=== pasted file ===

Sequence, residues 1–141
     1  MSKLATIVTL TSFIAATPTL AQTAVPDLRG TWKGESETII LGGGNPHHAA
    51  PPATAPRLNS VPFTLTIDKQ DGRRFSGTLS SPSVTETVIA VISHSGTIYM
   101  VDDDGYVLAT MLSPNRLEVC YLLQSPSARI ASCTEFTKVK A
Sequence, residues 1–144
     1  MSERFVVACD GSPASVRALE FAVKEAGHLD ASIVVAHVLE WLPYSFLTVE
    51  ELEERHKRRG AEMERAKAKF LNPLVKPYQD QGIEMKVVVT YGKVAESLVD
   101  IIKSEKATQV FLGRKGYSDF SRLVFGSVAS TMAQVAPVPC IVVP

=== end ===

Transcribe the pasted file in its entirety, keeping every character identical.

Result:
Sequence, residues 1–141
     1  MSKLATIVTL TSFIAATPTL AQTAVPDLRG TWKGESETII LGGGNPHHAA
    51  PPATAPRLNS VPFTLTIDKQ DGRRFSGTLS SPSVTETVIA VISHSGTIYM
   101  VDDDGYVLAT MLSPNRLEVC YLLQSPSARI ASCTEFTKVK A
Sequence, residues 1–144
     1  MSERFVVACD GSPASVRALE FAVKEAGHLD ASIVVAHVLE WLPYSFLTVE
    51  ELEERHKRRG AEMERAKAKF LNPLVKPYQD QGIEMKVVVT YGKVAESLVD
   101  IIKSEKATQV FLGRKGYSDF SRLVFGSVAS TMAQVAPVPC IVVP